It seems Ireland’s rugged terrain is pretty adaptable as a mythological setting, with Sandy Brae Path at Newry and Mourne used as the site of the twin horse statues marking the entrance to Vaes Dothrak. There’s obviously something especially fantastic about this area, as the Mourne Mountains are said to have inspired C.S. Lewis’ The Chronicles of Narnia.
Our final tip for Northern Ireland is to head to the Caves of Cushendun, County Antrim, where one of the more disturbing scenes from Season 2 was filmed: Melisandre’s birthing of the shadow baby that kills Renly. The area itself is actually extremely quaint and scenic, though perhaps not the best place to go into labour – for a shadow baby delivery or otherwise.
Leaving Ireland and heading south to warmer climes, we find ourselves in Malta, a landscape that constituted much of King’s Landing in Season 1. The country’s former capital Mdina was used to represent the central city of Westeros to great effect; the many well-preserved, historical buildings fit perfectly with the theme of exotic, medieval grandeur. Local structures on the Mediterranean island, such as the Mdina Bridge, Pjazza Mesquita, and Verdala Palace are all located close to one another and – as well as sounding as though they might be found in Westeros themselves – provided many locations for some of the more dramatic scenes.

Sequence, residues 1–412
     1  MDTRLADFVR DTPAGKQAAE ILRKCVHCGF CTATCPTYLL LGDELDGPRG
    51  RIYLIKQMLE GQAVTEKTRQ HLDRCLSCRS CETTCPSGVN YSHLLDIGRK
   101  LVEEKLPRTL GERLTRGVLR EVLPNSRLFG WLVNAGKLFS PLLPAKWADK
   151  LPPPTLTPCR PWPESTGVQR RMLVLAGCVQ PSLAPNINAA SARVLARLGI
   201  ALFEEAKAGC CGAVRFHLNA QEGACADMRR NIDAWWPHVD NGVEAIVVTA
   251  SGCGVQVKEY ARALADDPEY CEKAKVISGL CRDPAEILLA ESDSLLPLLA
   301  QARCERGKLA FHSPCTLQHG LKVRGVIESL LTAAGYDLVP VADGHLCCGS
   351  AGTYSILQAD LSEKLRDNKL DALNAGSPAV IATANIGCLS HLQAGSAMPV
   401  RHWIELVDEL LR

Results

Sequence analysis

As the capital of the Seven Kingdoms, Malta also housed the Iron Throne for some time. Fittingly, the San Anton Palace, which functions as one of the President of Malta’s residences, housed the Iron Throne throughout Season 1. Unlike King’s Landing’s seaside location, Mdina is located in-land off the coast, and could only be used to depict interior shots of the Westerosi capital as a result.